After watching Germany lose to Italy in Thursday’s second semifinal, the first thing that came to my mind was “two years.” That’s how long German fans would have to wait for redemption from their this disappointment. It’s a different scenario than their previous eliminations in the two most recent major tournaments. This team didn’t have the excuse of youth and it had the expectation of success. While making the semifinal might be considered a success for some, it’s not for Germany. Germany is one of the world’s super powers in the world of soccer, but hasn’t won a major trophy since 1996. While they’ve made the semifinals in four of the last five major tournaments, they have no hardware to show for it. It’s a disappointment for their fans and it will be two years until they get another chance for glory.
It will also be two years until we’re graced with another great international soccer tournament. One can’t get too excited about U.S. World Cup qualifying against the likes of Guatemala and Jamaica. Copa America happens every two years and includes teams from other continents, so it loses some of its luster. Sunday’s finale between Spain and Italy is all we’ve got left, so I really hope the game delivers. With that in mind, here are five questions to get you ready for 90 (and possibly more) frenetic minutes.
1. Will this game be as boring as the other recent games involving Spain?
I really hope not. I understand the theory that controlling the ball when you’re winning is better than having to play defense, but Spain wasn’t able to score any goals against Portugal. They put themselves at major risk by not being aggressive until the overtime period. It’s true that Portugal’s pressure defense caused a lower passing rate and more turnovers than what Spain is used to, but Spain didn’t adjust until late in the contest when Portugal tired a little bit. The first game against Italy was reasonably exciting with both teams sharing possession and creating opportunities. The quality of the game might actually depend on what formation Italy plays, so…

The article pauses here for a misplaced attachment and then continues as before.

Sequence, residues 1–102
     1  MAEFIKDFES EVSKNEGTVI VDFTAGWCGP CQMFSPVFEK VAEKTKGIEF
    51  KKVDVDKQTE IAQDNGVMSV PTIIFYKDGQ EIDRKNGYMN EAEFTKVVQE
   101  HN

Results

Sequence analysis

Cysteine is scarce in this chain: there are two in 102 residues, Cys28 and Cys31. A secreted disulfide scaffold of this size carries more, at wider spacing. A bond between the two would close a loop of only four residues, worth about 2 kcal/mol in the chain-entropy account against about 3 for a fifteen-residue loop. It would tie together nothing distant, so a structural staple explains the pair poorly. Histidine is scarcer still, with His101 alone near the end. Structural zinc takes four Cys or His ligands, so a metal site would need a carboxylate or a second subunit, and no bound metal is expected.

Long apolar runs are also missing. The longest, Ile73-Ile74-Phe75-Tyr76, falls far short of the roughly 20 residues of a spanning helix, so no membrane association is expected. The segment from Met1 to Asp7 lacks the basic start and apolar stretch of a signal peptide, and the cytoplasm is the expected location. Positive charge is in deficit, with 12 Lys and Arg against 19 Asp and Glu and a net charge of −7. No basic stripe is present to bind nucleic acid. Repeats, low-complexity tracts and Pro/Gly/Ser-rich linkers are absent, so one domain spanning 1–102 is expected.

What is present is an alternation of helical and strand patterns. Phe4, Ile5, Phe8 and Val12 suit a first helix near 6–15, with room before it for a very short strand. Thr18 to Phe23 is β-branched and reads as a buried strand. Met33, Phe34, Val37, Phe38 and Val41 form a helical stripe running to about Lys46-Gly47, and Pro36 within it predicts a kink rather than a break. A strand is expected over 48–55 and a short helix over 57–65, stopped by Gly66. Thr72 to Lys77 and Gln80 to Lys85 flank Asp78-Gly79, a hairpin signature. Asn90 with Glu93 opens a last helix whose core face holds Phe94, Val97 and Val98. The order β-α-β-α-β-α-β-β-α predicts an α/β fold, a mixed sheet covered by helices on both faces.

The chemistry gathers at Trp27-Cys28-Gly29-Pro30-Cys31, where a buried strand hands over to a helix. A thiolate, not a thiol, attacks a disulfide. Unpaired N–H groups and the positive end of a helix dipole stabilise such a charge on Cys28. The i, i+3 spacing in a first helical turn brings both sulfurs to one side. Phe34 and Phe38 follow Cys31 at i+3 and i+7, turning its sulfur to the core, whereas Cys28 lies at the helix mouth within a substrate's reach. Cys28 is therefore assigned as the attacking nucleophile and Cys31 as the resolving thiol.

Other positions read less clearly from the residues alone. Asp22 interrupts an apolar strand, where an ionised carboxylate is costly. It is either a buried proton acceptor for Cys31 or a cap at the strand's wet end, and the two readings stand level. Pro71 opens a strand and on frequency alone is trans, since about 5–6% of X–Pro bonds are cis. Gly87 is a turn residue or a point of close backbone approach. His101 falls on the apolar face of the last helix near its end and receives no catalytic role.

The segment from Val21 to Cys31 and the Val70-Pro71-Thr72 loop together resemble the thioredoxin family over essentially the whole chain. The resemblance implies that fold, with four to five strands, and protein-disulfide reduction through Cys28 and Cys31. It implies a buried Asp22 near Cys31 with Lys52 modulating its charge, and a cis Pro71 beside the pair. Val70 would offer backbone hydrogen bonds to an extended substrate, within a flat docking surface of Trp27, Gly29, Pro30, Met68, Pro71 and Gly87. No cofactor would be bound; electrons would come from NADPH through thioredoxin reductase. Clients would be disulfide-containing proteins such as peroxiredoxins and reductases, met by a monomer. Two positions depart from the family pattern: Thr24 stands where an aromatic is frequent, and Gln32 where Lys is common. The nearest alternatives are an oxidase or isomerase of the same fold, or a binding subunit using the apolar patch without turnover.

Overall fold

2. Why does Italy’s formation impact the outcome so much?
The first time these two teams met, Italy played a 3-5-2 that really surprised Spain. The addition of another midfielder allowed Italy to pressure Spain and also maintain a fair amount of possession. With Spain playing Fabergas as a false nine (the most overused phrase of the tournament to describe the passive nature of Spain’s “striker” when it’s really a midfielder), Italy didn’t have to worry about their defense being with speed or long balls. They’ve since switched to a 4-4-2 because it was best suited for their other opponents. The fact that Spain knows Italy can vary their formation must be troubling because they might come out prepared to play one of them and Italy could show up playing other, so…
3. What formation will Italy play on Sunday?
Italy should take a chance with the 3-5-2 because will have Danielle De Rossi as one of their five midfielders. If Spain starts Fabergas at striker, then he’ll stay as a midfielder. If Spain decides to start Torres or another true striker, De Rossi is flexible enough to move back as a central defender. I also think Spain coach Vicente Del Bosque is a stubborn f*ck and wants to prove to everyone he knows what he’s doing. Despite the fact that Torres had more chances in 30 minutes than Fabergas had in the first game, he’ll likely go with Fabergas.
4. Where can Spain find an advantage?
Outside of starting Torres at striker (yes, he hasn’t been in great form, but he did score two goals in their second game and at least poses a threat compared to what Negredo did last game), the biggest advantage for Spain will come down the wings. One can’t expect Del Bosque to make the start move and start a true winger like Pedro Rodríguez or Jesús Navas for David Silva. Silva has only finished one of Spain’s four games, so he’s obviously not living up to his potential. Even with Silva still in there, look for Jordi Alba and Álvaro Arbeloa to attack the sides of the Italian defense. This will be more effective if Torres starts up front so they can fling balls into the box for him.
5. Who will win?
I really want Italy to win because they’ve been in the best form of any team the last three games while Spain has plodded through this tournament. I feel like Del Bosque needs to be proven wrong or else Spain’s recent style sets back the quality of the beautiful game. Italy’s fate rests mostly on the shoulders of Mario Balotelli, who’s played as well as he ever has and he’s only 21, and Andrea Pirlo. If those two players are at their best, Italy has a damn good shot. Sadly I think it’ll be the usual possession game from Spain which doesn’t result in progression towards the goal and they’ll somehow stifle the Italians.
Spain hasn’t given up a goal since they played Italy in their first game. They’ll rely on their defense and somehow manage a goal. And if this turns out to be a reverse jinx, then so be it…
Final Score: Spain 1 Italy 0
Spain to win in 90 minutes (+120)
Under 1.5 total goals in 90 minutes (+150)
Both teams will not score in the match (-140)
Spain to win the second half (+150)